Reporters on the staff dreaded the coming of the issues, but everyone swallowed the bitter pill, bit the bullet, and contributed stories to the issue. It fell on my lot to write a story on a Century Farm located just west of Worthington near the town of Rushmore. Now, Rushmore wasn't your average metropolis. It had perhaps 350 people if you counted the motorists passing on I-90 to the north at the time you did the census.

I went along with staff photographer Bryan Korthals. Bryan was an old hand at The Globe and had done scores (if not more) assignments on Century Farms for the Farm Beat. He was actually a pretty good photog just as Brad Doherty and Mickey Torres were in the Herald of old.

We got to the farm and set about to interview the couple who lived there. Their kids were all grown up and gone and they lived alone. The farmer and his wife were in their 70s and he had suffered a stroke which made interviewing him a team project between me and his wife. We were pulling it off when a brother – we'll call him Maynard – came in the house and sat next to Korthals as I took notes.

All of a sudden Maynard interrupted and asked me: "Hey, where are you from?"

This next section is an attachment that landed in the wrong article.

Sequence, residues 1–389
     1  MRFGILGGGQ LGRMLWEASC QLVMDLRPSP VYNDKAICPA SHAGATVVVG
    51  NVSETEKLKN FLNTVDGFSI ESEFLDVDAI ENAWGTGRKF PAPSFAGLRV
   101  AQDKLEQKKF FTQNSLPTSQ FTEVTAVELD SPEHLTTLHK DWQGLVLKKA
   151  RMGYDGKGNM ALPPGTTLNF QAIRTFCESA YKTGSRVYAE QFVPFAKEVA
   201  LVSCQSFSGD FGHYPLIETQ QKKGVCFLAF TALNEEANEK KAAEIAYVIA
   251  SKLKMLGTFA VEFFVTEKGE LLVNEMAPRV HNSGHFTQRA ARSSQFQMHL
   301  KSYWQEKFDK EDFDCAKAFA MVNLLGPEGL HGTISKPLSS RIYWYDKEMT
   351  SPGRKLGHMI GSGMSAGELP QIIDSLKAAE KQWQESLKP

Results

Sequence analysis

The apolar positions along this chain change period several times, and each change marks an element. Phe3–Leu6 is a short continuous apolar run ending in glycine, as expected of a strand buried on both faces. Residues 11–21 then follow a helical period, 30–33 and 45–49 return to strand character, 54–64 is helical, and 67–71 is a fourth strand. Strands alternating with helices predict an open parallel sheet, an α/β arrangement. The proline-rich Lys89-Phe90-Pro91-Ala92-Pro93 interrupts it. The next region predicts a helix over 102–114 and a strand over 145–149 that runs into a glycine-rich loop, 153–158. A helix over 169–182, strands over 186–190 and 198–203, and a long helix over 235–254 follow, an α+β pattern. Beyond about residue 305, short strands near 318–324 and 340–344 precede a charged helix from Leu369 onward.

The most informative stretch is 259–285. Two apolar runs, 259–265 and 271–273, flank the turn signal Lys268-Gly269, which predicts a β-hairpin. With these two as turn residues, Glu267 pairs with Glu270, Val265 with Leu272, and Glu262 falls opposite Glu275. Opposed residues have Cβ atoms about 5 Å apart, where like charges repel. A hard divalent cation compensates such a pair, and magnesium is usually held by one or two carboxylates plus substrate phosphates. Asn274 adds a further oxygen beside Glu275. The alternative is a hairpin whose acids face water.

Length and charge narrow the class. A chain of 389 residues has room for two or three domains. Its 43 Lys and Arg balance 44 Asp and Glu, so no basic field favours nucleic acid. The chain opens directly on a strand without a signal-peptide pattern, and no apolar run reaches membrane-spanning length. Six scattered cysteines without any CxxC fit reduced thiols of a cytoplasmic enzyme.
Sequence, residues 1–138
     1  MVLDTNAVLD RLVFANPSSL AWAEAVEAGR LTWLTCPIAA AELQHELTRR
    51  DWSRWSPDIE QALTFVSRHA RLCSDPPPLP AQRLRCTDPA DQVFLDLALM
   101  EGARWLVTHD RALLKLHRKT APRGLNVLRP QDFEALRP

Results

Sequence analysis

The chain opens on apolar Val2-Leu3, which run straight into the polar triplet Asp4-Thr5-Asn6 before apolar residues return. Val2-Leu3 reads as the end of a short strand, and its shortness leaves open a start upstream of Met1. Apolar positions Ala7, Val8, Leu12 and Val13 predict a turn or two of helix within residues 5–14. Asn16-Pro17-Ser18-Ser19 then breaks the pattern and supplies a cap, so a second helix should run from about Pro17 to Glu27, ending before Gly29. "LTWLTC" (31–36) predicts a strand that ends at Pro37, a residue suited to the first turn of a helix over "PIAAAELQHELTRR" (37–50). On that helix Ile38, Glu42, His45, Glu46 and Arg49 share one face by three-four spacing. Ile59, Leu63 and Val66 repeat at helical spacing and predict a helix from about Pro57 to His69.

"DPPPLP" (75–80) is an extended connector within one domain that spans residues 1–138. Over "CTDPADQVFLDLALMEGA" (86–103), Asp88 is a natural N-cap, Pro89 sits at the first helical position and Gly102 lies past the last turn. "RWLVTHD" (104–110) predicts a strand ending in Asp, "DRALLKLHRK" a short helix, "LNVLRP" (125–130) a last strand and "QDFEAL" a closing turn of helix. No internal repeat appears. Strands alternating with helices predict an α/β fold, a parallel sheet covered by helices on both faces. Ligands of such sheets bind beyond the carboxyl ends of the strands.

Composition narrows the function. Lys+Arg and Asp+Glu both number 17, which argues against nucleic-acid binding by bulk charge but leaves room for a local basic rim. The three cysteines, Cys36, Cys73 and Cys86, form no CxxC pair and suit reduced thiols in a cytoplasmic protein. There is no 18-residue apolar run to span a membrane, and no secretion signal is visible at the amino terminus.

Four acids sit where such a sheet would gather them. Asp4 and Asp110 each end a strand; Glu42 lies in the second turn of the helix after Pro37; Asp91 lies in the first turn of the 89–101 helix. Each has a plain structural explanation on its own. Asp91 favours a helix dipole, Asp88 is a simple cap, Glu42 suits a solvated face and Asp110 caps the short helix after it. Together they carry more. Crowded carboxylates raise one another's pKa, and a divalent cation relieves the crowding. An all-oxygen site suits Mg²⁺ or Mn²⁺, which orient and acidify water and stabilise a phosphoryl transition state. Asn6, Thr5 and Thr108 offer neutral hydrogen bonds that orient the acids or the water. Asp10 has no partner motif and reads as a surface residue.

I turned around and said, "Texas."
"What's the matter," Maynard persisted. "Aren't there any jobs in Texas?"

As I turned to look at him, I noticed the farmer's wife was getting exasperated with Maynard's intrusions.
"Let me get through with this and we'll talk then," I told Maynard as amiably as I could.

I turned to the lady and asked her a few softball question. One of them was: "What changes have you noticed in Rushmore when you go to town?," I asked.
"Mexicans are thick as flies," Maynard butted in.
Korthals smothered a laugh as I plodded on through the interview.

I finally finished taking notes and turned to Maynard, who was sitting smirking smugly at me.

"Now, what is it you wanted to know, Maynard?," I asked.
"How come you're not in Texas working instead of here," he answered.
"Well, Maynard, they tell me that people here don't know how to write and they hired me," I answered with a smile.
He looked at me sideways with a puzzled look and then laughed.
"You know what? I like you. You can come visit any time you want."

We parted good friends and as we drove down the long driveway of the farm Bryan burst out laughing and we kept laughing all the way back to the newsroom where the incident became part of the Farm Beat lore.

SPANISH-CHALLENGED FOLKS DON'T GET EL RRUN-RRUN




Image result for rrunrrun